Lead Exposure Risk Assessment

The conditions in your home can seriously affect your health. Homes built before 1978 often have lead paint hazards which can result in lead poisoning of children.

Although, homes of any age or value can contain serious hazards, older homes that are poorly maintained, or improperly renovated, usually present the greatest risks. The burden of housing hazards disproportionately affects certain age and income groups, races, ethnicities, and various geographical locations. Anyone can suffer from housing-related illnesses or injuries; however, certain groups are more susceptible.

Children are more vulnerable to environmental exposures due to their developing organs and nervous system. Children living in older homes are more vulnerable to having elevated blood lead levels.

Low-income, minority populations are more likely to live in homes with structural defects and environmental hazards, such as deteriorated paint.

Primary Care Physicians may refer children with elevated blood lead levels for a Lead Risk Assessment.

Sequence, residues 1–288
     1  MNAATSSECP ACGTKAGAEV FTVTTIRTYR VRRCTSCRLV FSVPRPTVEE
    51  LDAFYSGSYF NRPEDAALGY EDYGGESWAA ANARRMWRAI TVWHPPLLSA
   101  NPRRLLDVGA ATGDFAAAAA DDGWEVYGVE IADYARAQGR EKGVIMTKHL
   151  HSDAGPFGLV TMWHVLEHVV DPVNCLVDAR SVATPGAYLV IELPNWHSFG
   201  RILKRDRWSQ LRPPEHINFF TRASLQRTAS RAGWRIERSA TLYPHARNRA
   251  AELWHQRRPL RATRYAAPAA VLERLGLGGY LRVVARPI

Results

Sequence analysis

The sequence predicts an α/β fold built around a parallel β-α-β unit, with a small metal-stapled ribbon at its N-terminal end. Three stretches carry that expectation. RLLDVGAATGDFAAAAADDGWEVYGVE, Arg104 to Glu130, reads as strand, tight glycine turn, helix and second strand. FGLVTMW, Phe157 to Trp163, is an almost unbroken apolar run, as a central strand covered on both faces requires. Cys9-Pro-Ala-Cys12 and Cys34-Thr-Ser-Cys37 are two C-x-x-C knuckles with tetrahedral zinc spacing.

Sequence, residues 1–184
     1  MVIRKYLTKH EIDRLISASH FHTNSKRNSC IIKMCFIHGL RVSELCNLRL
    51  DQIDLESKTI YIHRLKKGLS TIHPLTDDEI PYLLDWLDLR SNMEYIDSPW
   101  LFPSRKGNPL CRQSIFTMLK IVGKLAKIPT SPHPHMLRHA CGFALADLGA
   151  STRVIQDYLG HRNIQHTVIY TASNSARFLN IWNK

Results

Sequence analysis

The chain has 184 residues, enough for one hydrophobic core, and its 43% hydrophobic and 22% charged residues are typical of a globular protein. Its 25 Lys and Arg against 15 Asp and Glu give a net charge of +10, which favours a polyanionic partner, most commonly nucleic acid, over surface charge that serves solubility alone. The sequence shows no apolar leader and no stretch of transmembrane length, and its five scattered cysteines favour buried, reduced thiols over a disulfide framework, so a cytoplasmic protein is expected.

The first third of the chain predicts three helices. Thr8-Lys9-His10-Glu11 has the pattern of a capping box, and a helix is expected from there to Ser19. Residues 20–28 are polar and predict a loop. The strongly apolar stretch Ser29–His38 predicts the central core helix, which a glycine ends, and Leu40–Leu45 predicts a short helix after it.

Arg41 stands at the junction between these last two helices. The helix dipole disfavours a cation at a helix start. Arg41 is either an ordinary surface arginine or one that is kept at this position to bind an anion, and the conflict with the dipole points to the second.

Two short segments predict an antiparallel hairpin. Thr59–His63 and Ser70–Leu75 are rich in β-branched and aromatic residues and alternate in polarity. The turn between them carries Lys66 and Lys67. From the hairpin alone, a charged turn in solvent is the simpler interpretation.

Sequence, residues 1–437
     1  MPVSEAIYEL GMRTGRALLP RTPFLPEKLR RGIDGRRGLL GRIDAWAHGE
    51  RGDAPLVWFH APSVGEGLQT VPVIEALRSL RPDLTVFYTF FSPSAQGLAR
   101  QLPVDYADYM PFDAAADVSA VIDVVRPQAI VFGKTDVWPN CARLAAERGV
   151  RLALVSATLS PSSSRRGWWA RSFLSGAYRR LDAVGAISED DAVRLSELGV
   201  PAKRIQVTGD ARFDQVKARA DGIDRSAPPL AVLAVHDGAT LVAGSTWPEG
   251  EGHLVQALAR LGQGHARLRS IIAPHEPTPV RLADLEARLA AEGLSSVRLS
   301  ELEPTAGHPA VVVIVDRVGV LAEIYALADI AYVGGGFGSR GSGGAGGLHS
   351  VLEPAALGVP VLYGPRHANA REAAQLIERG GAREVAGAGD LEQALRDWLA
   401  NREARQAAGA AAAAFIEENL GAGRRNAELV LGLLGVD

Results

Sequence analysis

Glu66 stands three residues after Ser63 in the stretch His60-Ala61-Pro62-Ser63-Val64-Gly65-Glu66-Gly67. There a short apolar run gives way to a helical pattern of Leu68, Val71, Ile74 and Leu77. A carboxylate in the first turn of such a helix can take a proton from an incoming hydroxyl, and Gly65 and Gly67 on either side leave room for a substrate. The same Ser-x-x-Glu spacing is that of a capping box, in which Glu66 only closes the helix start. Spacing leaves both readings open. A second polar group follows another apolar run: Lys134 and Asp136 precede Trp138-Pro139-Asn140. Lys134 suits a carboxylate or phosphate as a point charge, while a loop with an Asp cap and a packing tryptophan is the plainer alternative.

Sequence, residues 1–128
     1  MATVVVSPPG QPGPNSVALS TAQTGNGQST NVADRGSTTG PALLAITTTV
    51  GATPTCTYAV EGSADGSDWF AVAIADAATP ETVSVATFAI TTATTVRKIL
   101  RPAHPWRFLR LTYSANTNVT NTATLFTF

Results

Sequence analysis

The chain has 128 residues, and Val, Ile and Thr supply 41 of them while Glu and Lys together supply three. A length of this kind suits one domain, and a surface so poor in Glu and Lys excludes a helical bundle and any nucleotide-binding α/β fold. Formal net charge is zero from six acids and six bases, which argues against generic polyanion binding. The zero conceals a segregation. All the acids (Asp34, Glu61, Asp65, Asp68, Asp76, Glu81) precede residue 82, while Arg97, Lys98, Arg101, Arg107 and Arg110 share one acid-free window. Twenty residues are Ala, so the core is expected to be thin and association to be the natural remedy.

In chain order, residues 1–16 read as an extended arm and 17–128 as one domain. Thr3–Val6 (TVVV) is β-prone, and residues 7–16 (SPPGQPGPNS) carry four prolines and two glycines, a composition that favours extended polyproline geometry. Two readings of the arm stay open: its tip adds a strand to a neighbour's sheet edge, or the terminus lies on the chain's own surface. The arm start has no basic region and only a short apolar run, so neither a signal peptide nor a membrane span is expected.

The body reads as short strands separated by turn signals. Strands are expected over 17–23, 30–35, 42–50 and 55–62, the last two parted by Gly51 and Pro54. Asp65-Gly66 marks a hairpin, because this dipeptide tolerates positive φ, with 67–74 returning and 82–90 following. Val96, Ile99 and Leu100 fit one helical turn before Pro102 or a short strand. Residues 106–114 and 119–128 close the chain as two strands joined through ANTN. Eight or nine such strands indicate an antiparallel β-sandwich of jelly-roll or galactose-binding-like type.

A Lead Exposure Risk Assessment is comprised of several things:

  1. Completion of a questionnaire
  2. Education
  3. Nutrition information
  4. Cleaning techniques
  5. Care coordination with Primary Care Provider
  6. Referral to Early Intervention
  7. Lead Hazards Risk Assessment
  8. Lead Hazard Remediation Enforcement
  • Contact Information

    MariIou L. Yingling, Maternal Child Outreach Worker
    City of York, Bureau of Health
    435 West Philadelphia Street
    York, Pennsylvania 17401
    Phone -717- 849-2336
    Fax- 717- 843-5605

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